Saudi women break driving ban, defying warnings: campaigners
ReutersRIYADH -- A few women filmed themselves driving in Saudi cities on Saturday, defying government warnings of arrest and prosecution to take part in a campaign against men-only road rules, activists said.
October 27, 2013, 12:01 am TWN
But some others stayed at home, put off by phone calls from men who said they were from the Interior Ministry, reported organizers of the demonstration against an effective ban on women drivers.
Police put up checkpoints in some parts of Riyadh, Reuters witnesses said, and there appeared to be more traffic patrols than usual on the streets of the capital — the latest sign of the sensitivity of the issue in the ultra-conservative Islamic kingdom.
“I know of several women who drove earlier today. We will post videos (online) later,” one of the campaign organizers told Reuters by phone.
Five videos were published on the campaign's YouTube feed and Twitter on Saturday morning, dated Oct. 26 and purporting to show women driving in Riyadh, the oasis region of al-Ahsa and the city of Jeddah.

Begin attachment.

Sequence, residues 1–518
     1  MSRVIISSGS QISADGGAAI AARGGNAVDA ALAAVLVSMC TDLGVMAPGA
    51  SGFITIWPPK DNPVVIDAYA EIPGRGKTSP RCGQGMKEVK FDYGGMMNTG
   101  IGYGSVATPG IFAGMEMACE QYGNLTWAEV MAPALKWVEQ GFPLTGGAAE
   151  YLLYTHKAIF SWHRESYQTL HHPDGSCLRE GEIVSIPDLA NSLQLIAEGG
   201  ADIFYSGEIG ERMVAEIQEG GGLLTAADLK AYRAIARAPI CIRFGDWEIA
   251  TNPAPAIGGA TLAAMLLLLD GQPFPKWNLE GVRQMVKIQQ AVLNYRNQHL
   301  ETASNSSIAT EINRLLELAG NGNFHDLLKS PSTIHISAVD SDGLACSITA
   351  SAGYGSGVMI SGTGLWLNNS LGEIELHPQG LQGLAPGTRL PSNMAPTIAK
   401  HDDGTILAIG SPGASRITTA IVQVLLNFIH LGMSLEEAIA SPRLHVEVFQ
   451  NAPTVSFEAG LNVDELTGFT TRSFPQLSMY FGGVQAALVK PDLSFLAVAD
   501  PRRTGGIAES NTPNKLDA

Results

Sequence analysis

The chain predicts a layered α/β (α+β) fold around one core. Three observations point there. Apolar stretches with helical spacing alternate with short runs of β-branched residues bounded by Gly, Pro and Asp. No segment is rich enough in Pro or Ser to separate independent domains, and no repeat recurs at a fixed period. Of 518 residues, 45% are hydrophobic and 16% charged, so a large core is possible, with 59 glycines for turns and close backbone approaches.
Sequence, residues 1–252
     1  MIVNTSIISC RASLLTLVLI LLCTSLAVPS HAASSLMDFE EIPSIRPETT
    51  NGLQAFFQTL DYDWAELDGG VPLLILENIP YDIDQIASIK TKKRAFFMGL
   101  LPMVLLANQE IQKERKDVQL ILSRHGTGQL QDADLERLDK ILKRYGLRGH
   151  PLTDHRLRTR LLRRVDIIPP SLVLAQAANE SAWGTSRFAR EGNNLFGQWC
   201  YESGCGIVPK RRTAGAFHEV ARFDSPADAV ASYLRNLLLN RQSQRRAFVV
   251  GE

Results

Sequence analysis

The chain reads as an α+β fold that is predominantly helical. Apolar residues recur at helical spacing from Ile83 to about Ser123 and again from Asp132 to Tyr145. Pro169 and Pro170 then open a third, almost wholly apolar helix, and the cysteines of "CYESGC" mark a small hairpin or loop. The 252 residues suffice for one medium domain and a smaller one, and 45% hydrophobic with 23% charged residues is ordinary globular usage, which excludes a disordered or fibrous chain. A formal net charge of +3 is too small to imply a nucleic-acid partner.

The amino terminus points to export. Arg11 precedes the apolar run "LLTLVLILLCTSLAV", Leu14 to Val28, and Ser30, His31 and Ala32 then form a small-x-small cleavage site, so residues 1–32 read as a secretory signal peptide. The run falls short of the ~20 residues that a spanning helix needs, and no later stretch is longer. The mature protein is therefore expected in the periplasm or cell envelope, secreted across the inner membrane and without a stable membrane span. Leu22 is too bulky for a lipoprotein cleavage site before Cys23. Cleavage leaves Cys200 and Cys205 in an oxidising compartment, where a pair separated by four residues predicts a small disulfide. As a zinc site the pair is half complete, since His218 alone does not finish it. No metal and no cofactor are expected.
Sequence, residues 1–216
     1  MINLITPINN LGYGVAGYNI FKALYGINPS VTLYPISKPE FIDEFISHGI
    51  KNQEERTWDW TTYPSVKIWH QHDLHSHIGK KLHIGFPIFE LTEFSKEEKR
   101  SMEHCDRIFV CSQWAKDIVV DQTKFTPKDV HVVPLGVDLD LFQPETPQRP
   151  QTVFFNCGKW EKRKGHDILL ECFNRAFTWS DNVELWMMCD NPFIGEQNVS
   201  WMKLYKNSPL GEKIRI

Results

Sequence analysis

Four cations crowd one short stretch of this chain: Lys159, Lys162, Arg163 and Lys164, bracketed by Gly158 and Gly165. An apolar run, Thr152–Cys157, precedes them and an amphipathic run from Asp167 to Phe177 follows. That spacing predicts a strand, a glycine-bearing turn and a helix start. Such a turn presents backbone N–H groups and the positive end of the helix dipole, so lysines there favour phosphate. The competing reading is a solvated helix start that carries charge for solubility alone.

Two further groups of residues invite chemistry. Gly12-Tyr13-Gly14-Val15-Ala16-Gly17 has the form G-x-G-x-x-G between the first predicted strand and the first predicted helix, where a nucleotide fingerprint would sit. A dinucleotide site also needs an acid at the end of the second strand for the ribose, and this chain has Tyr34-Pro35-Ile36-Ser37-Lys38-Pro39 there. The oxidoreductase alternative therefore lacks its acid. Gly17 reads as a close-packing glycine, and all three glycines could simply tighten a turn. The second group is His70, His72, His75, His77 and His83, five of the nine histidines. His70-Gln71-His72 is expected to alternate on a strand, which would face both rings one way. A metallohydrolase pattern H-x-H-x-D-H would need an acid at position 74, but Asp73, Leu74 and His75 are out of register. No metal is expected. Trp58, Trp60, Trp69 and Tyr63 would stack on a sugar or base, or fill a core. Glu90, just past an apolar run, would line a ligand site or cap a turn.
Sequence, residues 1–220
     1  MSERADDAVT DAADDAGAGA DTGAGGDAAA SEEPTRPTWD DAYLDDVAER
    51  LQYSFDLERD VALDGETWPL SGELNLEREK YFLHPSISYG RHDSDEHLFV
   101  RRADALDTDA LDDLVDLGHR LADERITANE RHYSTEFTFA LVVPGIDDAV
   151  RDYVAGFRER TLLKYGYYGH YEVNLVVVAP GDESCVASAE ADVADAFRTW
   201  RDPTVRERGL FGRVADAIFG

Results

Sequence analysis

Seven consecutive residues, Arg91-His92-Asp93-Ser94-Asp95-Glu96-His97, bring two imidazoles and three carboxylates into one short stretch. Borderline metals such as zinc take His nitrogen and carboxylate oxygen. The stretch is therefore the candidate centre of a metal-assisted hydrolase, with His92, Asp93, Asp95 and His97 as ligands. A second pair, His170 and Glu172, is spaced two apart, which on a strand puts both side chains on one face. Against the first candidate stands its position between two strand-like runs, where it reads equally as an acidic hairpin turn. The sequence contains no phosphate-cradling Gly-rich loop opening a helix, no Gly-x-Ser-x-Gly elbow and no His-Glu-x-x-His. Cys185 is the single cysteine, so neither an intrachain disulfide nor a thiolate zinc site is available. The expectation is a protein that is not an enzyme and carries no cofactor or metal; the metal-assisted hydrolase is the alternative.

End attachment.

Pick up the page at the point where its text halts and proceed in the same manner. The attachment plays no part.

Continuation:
It was not possible to verify when they were filmed.
King Abdullah has pushed some cautious reforms, expanding female education and employment . But he has also been careful not to open big rifts with conservative clerics.
Mosques across Saudi Arabia broadcast sermons on Friday telling women to stay at home.
Protests are illegal in Saudi Arabia, and public demands for political or social change have traditionally been interpreted by the authorities as an unacceptable challenge to the ruling al-Saud family's authority, local analysts say.
However, organizers said their call for women to drive on Saturday was not a political protest as they had not called for gatherings, rallies or processions of cars.
Instead they have asked women with foreign driving licenses to get behind the wheel accompanied by a male relative and drive themselves when performing everyday tasks.